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Today we will discuss some few pieces of Advice for young children to be successful in swimming or Any other sports. First of all, in my believing as a coach the parents have More Control on their Kids more than us and with few tips that we will discuss in this Article will help you to understand More About Sport, Specially Swimming.
you need to know that building a successful Swimmer or an Athlete in Any Sport Take time. so Accept that progress in any sport takes at least 7 -10 years after puberty in most sports for any athlete to achieve their full potential.

Also, you need to know that
• success at a younger age does not guarantee success later in an athletes’ career.
• And in fact, there may be an indication that the reverse is true because the swimmers are not brought along slowly and because coaches didn’t teach them good technique, but, instead, they simply worked them harder than other coaches at a younger age.
• The goal is not maximal performance but maximal development at each stage of the biological age of the athlete.
• Short-term success usually results in long-term disappointments.
• Approximately 80% of age group (10 – 14 years old) champions are not successful as senior or national swimmers. More success was achieved by those who take a longer term approach.
• It is far more important to bring swimmers along gradually so they don’t burn out mentally and so they can improve relative to their peers as they get older. This is what I call, Long Term Athlete Development or LTAD.

Long Term Athlete Development is about achieving optimal training, competition and recovery throughout an athlete’s career, particularly in relation to the important growth and development years of young children, adolescents, age group swimmers.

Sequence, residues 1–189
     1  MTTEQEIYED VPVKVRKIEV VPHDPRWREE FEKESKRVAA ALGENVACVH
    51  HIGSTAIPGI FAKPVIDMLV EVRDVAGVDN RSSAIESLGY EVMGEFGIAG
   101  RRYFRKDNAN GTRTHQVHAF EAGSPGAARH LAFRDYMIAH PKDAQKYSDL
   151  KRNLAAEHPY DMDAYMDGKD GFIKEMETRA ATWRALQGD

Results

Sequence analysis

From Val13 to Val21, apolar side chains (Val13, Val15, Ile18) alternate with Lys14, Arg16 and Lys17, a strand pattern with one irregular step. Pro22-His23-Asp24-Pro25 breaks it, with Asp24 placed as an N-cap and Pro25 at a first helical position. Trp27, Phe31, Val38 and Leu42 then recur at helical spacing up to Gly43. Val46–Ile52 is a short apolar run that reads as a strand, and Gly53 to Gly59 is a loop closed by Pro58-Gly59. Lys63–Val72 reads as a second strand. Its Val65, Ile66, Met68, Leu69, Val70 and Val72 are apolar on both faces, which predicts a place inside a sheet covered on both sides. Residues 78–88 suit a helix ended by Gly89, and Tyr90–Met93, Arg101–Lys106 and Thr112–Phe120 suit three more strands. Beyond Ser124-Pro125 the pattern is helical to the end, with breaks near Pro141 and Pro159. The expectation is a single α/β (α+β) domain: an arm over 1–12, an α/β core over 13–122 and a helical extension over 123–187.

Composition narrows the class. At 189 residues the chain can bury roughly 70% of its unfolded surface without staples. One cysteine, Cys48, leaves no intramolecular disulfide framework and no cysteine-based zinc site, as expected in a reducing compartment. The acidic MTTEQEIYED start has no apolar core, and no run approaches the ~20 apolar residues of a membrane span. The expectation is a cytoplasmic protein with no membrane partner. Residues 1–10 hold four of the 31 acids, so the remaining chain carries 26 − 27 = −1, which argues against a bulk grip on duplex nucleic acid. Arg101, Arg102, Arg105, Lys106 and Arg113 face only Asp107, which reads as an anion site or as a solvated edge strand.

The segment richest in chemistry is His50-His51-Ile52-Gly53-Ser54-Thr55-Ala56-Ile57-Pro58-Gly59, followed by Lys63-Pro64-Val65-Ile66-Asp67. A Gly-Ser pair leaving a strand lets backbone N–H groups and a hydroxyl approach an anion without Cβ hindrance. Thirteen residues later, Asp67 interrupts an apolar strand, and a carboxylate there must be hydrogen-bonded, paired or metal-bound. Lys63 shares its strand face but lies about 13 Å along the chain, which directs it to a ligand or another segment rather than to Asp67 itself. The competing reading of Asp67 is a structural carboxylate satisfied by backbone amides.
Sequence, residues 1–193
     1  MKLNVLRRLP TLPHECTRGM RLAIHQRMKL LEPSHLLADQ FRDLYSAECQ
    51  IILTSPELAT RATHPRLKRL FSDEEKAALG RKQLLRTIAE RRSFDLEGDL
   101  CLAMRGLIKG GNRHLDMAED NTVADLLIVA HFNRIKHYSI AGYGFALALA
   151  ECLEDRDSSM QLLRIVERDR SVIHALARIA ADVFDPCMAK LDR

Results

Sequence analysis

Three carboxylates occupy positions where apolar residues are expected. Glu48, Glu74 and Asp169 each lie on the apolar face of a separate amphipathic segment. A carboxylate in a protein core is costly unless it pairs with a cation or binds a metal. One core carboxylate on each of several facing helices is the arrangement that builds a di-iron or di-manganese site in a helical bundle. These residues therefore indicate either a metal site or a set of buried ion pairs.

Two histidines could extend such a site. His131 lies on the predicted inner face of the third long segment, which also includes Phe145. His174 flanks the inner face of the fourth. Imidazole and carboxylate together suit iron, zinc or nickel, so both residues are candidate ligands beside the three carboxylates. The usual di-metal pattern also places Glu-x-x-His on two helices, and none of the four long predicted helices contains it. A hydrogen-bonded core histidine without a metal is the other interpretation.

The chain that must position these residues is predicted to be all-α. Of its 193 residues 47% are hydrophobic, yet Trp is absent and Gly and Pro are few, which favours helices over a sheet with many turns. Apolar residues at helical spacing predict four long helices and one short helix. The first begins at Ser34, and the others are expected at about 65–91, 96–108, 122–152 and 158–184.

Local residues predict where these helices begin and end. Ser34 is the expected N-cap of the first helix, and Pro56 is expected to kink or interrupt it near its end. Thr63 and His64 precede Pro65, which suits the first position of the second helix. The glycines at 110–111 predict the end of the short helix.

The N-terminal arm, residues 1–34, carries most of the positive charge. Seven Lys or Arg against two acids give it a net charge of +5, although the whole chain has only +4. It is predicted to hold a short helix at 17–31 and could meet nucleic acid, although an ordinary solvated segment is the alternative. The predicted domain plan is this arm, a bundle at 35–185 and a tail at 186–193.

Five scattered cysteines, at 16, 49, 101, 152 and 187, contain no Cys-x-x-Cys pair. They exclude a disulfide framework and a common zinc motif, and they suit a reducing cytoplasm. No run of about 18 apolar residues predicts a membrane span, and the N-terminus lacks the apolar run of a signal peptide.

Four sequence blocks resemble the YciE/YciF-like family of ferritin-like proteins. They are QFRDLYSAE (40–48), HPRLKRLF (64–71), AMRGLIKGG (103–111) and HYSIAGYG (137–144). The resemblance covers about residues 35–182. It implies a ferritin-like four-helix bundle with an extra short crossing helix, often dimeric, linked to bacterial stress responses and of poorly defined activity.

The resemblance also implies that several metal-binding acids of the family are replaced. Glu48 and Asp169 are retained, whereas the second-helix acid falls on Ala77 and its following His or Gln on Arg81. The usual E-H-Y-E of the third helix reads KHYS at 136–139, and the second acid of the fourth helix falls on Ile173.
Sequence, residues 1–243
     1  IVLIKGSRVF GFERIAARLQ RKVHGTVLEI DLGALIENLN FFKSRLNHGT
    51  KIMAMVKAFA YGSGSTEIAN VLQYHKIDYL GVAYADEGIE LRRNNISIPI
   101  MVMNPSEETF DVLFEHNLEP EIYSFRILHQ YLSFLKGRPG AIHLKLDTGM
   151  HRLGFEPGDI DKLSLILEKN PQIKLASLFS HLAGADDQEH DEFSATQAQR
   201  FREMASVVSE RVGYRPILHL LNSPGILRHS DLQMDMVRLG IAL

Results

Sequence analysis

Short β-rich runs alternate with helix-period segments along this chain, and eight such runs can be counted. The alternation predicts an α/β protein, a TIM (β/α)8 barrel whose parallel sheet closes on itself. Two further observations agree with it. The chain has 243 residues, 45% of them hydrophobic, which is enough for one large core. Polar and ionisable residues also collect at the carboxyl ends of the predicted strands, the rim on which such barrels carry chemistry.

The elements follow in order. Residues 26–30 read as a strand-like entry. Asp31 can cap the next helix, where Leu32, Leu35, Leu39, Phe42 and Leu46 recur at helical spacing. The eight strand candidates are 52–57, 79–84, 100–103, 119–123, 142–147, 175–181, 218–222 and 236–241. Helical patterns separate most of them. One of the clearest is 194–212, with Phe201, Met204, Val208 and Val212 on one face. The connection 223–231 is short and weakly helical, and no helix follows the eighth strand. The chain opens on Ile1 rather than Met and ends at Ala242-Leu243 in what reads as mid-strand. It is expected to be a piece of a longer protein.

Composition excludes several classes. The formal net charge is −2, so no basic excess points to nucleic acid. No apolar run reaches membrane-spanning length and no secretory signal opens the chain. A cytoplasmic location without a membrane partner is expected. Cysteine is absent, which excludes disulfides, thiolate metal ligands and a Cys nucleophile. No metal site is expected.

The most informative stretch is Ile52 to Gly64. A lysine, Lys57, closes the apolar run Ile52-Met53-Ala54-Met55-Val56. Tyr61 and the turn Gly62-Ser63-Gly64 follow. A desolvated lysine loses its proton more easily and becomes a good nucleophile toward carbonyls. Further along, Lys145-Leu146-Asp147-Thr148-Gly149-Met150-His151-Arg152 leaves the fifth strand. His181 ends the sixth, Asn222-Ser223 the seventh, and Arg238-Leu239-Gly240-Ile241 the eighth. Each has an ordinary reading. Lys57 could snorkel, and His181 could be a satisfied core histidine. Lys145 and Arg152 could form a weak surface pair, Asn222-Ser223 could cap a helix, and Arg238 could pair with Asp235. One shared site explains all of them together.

Scientific research has identified that it takes at least 10 years, or 10,000 hours for talented
athletes to achieve sporting excellence. There are no short cuts!
This LTAD program was produced and applied in many countries around the world. They have
been adopted and grown in programs and countries like the USA, Canada, UK, Australia,
Scotland, Hungary and Italy and many other countries and associations, like the ASA Technical
Swimming Committee “ASA”.

In the Middle East and the Arabian Gulf, we try to educate and develop coaches, parents and
even sports federations to put these ideas and programs into our systems so coaches and
administrators will take a long-term approach to help develop better athletes.
There are many types of LTAD frameworks. Some programs are split into six categories,
sometimes into seven, but the common arrangement is five categories
This graphic shows the ASA framework for the STAGES OF OPTIMAL TRAINABILITY (Balyi and
Hamilton, 1999).